But they are clear it is “unavoidable” that some CO2 is going to have to be removed from the atmosphere to balance emissions from energy-intensive industries and aviation, which are hard to decarbonise. That could be growing trees, burning plants and trapping the emissions, or even turning CO2 into rock.
But the IPCC warns of dangers, such as biomass plantations pushing food crops aside. Green campaigners are resolutely against such technologies, fearing that polluters could use them as an excuse to continue their activities.
“There is no silver bullet for solving climate change but there is a smoking gun, and that’s fossil fuels,” said Nikki Reisch at the Center for International Environmental Law. “The focus must be on [cutting emissions], not purported techno-fixes, which are unproven at scale, pose significant risks to people and nature, and may simply not work to reduce emissions.”
The IPCC also emphasises the inequality of global heating and the need for climate justice. The Least Developed Countries (LDC), a grouping of 46 nations, have contributed less than 0.4% of emissions since 1850. The Small Island Developing States, 38 countries that face disappearing under rising seas, contributed 0.5%.
In contrast, the IPCC states that, globally, the 10% of households with the highest per capita emissions contribute 34-45% of global consumption-based emissions. North Americans have a CO2 footprint of nearly 20 tonnes a year, while people in Africa and South Asia are below five tonnes.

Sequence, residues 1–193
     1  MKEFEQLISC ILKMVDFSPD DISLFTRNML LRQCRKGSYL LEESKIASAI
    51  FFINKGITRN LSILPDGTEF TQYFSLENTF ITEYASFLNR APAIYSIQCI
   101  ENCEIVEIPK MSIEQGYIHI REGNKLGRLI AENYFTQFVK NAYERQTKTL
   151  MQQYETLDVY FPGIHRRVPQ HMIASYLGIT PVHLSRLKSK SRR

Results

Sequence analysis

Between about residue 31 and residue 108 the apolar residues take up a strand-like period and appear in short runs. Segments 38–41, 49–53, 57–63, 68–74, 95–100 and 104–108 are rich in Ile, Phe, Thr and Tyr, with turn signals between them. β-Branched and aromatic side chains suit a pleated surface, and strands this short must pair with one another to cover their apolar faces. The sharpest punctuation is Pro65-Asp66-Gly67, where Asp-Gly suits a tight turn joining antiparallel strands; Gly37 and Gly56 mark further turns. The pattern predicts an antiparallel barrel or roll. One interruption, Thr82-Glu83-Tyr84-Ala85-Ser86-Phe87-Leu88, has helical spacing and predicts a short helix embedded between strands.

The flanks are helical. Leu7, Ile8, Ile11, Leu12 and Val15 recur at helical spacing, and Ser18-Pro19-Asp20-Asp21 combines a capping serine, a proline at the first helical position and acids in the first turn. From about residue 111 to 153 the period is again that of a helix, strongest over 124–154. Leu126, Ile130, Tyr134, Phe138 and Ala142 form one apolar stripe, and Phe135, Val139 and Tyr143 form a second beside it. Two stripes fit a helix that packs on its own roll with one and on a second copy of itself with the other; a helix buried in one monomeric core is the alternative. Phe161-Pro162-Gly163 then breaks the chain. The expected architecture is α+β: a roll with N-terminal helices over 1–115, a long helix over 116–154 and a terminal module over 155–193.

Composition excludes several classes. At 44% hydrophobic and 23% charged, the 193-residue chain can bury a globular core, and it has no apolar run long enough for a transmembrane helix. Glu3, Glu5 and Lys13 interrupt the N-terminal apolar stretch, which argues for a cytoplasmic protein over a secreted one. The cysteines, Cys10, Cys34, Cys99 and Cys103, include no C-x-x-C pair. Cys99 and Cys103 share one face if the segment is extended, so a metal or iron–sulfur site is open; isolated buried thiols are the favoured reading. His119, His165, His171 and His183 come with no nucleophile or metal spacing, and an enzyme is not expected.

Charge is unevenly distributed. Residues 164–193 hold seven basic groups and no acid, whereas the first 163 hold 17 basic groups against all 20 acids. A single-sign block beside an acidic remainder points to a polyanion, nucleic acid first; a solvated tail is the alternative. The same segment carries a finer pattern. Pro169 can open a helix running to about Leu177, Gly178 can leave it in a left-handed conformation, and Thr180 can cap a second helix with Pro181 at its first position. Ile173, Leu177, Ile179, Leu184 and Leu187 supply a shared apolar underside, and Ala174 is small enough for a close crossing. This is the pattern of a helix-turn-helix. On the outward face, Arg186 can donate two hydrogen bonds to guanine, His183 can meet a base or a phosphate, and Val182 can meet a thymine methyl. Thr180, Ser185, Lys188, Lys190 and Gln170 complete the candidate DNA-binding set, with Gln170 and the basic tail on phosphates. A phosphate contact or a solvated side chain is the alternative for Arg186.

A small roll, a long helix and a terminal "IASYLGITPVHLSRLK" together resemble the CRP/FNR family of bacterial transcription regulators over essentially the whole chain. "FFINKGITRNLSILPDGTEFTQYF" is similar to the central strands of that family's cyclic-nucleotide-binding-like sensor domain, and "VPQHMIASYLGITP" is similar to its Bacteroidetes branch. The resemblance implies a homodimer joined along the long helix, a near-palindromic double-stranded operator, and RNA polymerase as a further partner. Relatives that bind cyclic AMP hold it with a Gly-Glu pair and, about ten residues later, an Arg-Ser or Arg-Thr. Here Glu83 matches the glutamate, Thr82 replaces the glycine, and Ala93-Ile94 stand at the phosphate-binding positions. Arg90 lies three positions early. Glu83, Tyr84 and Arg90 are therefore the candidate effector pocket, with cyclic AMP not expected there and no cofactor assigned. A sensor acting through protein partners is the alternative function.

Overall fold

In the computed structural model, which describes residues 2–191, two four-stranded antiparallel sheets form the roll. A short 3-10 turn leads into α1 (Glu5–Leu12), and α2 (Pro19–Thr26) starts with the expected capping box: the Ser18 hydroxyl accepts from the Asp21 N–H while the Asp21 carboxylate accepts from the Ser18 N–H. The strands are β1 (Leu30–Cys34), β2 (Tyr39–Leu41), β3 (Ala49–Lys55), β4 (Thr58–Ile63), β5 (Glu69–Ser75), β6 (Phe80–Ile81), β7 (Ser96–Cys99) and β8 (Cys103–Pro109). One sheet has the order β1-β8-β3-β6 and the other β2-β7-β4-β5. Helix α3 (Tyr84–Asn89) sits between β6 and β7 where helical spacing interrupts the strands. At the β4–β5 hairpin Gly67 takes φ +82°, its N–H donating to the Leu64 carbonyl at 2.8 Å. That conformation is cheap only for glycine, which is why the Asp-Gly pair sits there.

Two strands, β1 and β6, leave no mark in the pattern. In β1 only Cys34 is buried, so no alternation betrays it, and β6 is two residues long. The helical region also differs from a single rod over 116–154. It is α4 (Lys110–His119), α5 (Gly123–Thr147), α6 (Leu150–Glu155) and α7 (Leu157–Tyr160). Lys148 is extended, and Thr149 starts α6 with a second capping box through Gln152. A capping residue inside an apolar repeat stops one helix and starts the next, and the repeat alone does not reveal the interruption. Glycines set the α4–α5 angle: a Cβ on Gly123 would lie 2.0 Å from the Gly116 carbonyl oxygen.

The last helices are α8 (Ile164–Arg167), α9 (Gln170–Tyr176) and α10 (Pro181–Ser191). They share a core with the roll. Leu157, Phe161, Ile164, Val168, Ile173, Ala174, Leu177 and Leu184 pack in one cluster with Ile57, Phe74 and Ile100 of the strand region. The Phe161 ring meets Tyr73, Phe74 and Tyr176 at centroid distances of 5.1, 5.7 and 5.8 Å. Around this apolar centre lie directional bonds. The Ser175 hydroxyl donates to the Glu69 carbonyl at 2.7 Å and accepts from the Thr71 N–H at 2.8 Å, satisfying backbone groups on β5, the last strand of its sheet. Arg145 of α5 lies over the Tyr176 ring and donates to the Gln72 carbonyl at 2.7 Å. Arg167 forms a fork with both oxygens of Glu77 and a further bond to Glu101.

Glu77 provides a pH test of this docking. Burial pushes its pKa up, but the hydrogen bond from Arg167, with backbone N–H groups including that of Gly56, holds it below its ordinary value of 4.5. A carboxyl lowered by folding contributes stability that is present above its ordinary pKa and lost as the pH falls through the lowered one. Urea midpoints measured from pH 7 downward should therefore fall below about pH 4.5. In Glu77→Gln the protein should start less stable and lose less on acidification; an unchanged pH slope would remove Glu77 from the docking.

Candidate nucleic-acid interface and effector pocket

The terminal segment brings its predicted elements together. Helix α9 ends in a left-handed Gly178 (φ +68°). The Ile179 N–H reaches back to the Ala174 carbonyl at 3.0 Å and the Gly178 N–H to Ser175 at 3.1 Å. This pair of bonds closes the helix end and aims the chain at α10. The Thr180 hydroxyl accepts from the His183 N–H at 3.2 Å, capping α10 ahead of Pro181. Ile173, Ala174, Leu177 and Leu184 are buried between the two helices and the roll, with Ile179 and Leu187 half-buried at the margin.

A net zero future can be achieved, the IPPC says, while bringing millions out of poverty, but the finance needed is missing: “Financial flows fall short of the levels needed to achieve [emission-cutting] goals across all sectors and regions.”
The issue of money will remain central in the UN climate negotiations, with the next summit in Egypt in November. The IPCC says climate investments need to be three to six times greater than they are today. “The limits [to beating climate change] are not scientific or technological but political and economic,” said Reisch.
“This report is a resounding call to action for governments,” said Madeleine Diouf Sarr, chair of the LDC group and the government of Senegal’s climate chief. “Ending the deadly addiction to fossil fuels and harnessing the full potential of cheap and abundant renewable energies is critical. We know the scale of the problem. We know the solution. This report provides a roadmap of how to get there. Let’s get on with it without delay.”